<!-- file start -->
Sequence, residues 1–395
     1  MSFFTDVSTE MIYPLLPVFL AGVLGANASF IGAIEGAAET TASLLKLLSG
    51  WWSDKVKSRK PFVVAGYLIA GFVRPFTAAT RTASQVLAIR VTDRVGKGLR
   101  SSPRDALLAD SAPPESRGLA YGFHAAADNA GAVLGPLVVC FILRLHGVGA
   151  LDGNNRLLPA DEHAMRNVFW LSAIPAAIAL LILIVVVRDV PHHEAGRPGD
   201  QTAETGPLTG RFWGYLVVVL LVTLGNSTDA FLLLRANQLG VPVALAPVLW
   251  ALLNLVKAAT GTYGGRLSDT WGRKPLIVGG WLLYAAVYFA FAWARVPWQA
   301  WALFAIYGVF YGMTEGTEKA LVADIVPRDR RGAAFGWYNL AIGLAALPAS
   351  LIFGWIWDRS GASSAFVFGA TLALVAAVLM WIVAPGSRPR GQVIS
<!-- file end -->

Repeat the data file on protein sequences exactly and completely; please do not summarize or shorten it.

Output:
Sequence, residues 1–395
     1  MSFFTDVSTE MIYPLLPVFL AGVLGANASF IGAIEGAAET TASLLKLLSG
    51  WWSDKVKSRK PFVVAGYLIA GFVRPFTAAT RTASQVLAIR VTDRVGKGLR
   101  SSPRDALLAD SAPPESRGLA YGFHAAADNA GAVLGPLVVC FILRLHGVGA
   151  LDGNNRLLPA DEHAMRNVFW LSAIPAAIAL LILIVVVRDV PHHEAGRPGD
   201  QTAETGPLTG RFWGYLVVVL LVTLGNSTDA FLLLRANQLG VPVALAPVLW
   251  ALLNLVKAAT GTYGGRLSDT WGRKPLIVGG WLLYAAVYFA FAWARVPWQA
   301  WALFAIYGVF YGMTEGTEKA LVADIVPRDR RGAAFGWYNL AIGLAALPAS
   351  LIFGWIWDRS GASSAFVFGA TLALVAAVLM WIVAPGSRPR GQVIS